Guards' Chapel, Wellington Barracks

The Royal Military Chapel, commonly known as the Guards' Chapel, is a British Army place of worship that serves as the religious home of the Household Division at the Wellington Barracks in Westminster, Greater London. Completed in 1838 in the style of a Greek temple and re-designed during the 1870s,[2] the first chapel on the site was damaged by German bombing during the Blitz in 1940 and 1941.

The Guards' Chapel
Guards Chapel, Wellington Barracks - East end - geograph.org.uk - 351924.jpg
Alternative namesThe Royal Military Chapel
General information
TypeChapel
Architectural styleModernist
Town or cityWestminster, London
CountryUnited Kingdom
Completed1963
Listed Building – Grade II*
Designated9 January 1970
Amended 26 April 2012
Part ofRoyal Military chapel and cloister, south of Birdcage Walk, Wellington Barracks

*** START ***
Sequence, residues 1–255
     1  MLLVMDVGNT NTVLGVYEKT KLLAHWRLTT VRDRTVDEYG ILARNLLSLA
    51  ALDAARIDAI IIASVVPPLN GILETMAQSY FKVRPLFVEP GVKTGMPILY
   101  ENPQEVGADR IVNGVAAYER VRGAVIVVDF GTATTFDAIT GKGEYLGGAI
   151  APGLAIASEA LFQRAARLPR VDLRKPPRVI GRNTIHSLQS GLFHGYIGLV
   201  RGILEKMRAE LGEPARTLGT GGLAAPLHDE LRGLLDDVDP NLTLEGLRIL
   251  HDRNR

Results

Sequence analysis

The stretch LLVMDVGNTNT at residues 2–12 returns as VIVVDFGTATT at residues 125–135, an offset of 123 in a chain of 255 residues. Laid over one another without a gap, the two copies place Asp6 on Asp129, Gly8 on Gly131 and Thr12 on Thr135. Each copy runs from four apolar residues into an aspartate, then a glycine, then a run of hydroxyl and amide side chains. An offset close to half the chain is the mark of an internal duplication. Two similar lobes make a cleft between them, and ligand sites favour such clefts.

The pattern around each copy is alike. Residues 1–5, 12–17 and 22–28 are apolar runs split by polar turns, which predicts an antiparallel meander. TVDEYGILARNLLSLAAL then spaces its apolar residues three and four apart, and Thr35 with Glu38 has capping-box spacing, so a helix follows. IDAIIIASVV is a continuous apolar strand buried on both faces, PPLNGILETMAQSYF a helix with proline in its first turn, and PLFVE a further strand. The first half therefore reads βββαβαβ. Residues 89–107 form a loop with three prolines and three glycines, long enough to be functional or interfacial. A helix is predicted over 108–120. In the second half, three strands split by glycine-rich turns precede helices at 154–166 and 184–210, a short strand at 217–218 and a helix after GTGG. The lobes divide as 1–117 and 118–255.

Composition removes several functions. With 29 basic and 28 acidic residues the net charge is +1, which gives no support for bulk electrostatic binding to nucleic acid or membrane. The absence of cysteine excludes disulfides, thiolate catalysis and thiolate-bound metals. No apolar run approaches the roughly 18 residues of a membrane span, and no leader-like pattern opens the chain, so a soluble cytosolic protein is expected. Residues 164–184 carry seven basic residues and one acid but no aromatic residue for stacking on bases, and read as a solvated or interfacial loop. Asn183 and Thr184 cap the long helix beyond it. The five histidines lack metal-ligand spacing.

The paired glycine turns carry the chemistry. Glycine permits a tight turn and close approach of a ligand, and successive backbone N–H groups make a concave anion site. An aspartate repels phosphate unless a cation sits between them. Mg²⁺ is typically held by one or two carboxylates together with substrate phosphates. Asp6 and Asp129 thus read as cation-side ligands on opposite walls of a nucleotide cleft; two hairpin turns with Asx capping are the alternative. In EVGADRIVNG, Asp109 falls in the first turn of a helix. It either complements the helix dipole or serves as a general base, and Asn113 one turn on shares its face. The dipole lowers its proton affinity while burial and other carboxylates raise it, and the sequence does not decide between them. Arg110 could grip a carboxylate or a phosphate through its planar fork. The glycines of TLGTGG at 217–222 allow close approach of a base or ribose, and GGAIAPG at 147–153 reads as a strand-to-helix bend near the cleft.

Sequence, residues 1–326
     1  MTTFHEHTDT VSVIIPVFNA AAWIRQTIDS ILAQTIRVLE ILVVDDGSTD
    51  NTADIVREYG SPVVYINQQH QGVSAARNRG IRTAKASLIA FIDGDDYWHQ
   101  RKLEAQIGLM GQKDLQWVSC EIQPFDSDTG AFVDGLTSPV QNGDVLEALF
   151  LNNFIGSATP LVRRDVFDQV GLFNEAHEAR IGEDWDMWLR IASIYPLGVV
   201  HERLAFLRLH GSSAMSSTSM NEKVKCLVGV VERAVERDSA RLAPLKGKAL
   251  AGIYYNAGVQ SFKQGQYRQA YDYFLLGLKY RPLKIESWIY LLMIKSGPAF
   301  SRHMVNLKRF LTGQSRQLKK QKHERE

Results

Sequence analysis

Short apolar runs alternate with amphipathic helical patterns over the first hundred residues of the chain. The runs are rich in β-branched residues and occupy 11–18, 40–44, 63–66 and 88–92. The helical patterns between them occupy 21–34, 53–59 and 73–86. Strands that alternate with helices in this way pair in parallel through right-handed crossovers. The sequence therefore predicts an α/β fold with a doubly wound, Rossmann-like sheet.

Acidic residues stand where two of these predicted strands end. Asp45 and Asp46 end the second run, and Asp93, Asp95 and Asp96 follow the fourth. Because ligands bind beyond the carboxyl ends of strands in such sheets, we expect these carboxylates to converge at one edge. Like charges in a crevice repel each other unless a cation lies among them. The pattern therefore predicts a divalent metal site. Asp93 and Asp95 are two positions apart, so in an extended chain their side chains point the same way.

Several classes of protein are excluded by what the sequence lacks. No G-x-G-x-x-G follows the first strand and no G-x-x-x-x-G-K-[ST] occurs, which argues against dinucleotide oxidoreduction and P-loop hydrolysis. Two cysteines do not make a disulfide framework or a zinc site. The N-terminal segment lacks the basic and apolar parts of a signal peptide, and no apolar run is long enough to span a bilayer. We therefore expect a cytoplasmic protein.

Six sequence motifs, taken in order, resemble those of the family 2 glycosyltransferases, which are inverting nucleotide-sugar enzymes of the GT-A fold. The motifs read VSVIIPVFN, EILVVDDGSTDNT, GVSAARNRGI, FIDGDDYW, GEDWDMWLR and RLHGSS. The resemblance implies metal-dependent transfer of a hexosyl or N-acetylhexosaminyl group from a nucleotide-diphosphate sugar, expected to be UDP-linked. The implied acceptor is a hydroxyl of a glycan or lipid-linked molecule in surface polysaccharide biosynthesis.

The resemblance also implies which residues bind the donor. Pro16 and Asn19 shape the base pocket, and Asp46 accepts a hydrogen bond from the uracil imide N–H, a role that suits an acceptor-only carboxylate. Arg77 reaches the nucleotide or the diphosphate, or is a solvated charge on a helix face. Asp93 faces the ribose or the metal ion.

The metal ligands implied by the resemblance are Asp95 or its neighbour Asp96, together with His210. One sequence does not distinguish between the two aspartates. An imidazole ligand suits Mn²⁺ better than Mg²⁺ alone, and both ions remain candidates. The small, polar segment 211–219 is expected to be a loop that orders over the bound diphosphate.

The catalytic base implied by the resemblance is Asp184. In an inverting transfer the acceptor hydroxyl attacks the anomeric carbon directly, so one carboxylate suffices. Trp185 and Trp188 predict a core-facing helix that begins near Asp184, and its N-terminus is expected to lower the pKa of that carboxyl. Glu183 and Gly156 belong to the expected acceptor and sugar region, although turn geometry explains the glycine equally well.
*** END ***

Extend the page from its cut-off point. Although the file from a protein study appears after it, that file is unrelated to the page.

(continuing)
Reference no.1066441[1]

On Sunday, 18 June 1944, the chapel was hit again, this time by a V-1 flying bomb, during the morning service. The explosion of the bomb collapsed the concrete roof onto the congregation, which left 121 people killed and 141 injured (both military and civilian).

Using the memorials from the old chapel as foundations,[2] a new chapel was built in a Modernist style in 1963. In 1970 the building was made a Grade II* listed building.[1]

The Flanders Fields Memorial Garden, dedicated to the memory of Guardsmen lost in the First World War, was opened by Queen Elizabeth II in 2014 and occupies land next to the chapel.[3]

On the last Tuesday of each month, except in August, the chapel hosts a free 45-minute lunchtime concert featuring a wide variety of music.

The Order of the Garter Banner of FM Lord Alexander of Tunis was transferred from St George's Chapel, Windsor Castle, to the Guards' Chapel following his death in 1969.[4]

ReferencesEdit

  1. ^ a b Historic England, "Guards Chapel (1066441)", National Heritage List for England, retrieved 4 January 2018
  2. ^ a b Bromley & Bromley 2015, p. 585.
  3. ^ "The Queen leads remembrance events in London". BBC News Online. 6 November 2014. Retrieved 6 November 2014.
  4. ^ "Garter Banner Locations" (PDF). St. George's Chapel Windsor. Retrieved 1 November 2021.
Bibliography

External linksEdit

Coordinates: 51°30′01″N 0°08′08″W / 51.5003°N 0.1356°W / 51.5003; -0.1356